Crimean lawmakers approve new pro-Russian constitution News
Crimean lawmakers approve new pro-Russian constitution

[JURIST] The State Council of the Republic of Crimea [official website, partially in Russian] on Friday voted unanimously in favor of adopting a new constitution that will make Crimea part of the Russian Federation. The constitution, consisting of 10 chapters and 95 articles, defines Crimea as a legal and democratic state within the Russian Federation and makes the nation’s territory an inseparable part of Russia. Two branches of government were created: a legislative branch headed by the State Council, and an executive branch headed by the Minister’s Council. The top executive official is to be elected every five years by the State Council, and limits said executive’s time in office to two terms. The new constitution also states that the Crimean legislature will be able to pass local laws and submit bills to the Russian State Duma [official website, in Russian]. Members of the Muslim Tatar [BBC backgrounder] minority, who make up approximately 15 percent of Crimea’s population, have shown strong opposition to Russia’s takeover. Unhappy with their lack of inclusion in the drafting process, the Muslim Tatars claim that the constitution was hastily written and unacceptable.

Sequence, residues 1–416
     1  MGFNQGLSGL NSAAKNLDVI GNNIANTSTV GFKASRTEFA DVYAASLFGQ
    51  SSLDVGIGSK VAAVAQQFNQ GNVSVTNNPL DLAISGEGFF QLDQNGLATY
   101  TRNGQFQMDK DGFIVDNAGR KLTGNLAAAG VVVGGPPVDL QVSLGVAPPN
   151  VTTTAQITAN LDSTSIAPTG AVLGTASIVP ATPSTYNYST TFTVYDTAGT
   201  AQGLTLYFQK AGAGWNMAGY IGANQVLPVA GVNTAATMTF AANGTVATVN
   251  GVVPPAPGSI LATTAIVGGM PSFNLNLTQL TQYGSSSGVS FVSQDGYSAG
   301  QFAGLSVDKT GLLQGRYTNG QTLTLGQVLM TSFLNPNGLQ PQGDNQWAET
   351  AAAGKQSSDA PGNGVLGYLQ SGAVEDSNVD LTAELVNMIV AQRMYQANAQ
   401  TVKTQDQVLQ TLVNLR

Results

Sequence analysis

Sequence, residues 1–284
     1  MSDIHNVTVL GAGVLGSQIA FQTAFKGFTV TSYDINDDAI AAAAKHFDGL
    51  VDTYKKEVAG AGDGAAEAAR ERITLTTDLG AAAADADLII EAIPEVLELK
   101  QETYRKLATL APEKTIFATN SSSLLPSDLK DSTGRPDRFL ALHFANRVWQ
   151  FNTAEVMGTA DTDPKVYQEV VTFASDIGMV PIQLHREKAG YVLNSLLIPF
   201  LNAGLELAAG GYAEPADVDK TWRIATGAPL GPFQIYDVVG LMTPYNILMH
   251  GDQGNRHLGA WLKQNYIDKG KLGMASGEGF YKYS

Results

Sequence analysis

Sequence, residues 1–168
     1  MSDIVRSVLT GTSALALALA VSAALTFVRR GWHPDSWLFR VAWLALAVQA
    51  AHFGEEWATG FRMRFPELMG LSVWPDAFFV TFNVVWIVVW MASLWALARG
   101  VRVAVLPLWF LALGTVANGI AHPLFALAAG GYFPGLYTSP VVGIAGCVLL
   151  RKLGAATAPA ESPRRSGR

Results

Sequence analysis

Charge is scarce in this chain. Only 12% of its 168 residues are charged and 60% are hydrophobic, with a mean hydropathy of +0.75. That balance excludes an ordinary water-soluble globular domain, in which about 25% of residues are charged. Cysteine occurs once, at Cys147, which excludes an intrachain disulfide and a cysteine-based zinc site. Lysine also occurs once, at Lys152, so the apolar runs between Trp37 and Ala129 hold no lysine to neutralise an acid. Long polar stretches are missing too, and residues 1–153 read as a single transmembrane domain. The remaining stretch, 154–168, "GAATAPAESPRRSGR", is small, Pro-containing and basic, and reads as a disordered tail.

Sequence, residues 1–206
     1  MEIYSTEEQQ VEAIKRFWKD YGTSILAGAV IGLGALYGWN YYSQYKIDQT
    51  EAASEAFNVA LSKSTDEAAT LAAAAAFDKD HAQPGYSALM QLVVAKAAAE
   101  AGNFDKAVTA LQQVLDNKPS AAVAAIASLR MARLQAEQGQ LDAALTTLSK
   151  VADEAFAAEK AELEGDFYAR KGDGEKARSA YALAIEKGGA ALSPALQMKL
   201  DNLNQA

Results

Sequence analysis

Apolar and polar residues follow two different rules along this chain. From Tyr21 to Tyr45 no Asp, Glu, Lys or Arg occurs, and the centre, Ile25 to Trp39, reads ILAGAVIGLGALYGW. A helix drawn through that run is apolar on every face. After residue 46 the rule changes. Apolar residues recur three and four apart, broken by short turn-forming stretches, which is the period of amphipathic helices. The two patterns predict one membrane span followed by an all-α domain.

The ongoing conflict [BBC timeline] in Ukraine has created great political unrest since protests began in November. Last month the Russian State Duma voted nearly unanimously [JURIST report] to approve Russia’s annexation of Crimea despite threats of further sanctions from Western powers. Also last month President Vladimir Putin signed a treaty [JURIST report] that incorporates Crimea into the Russian Federation, and US President Barack Obama condemned [JURIST report] Russia’s military intervention in the region as a violation of international law. In February Ukraine’s interim government requested an international arrest warrant [JURIST report] for ousted former president Viktor Yanukovich, implicating him in the “mass murder” of civilians during protests in Kiev.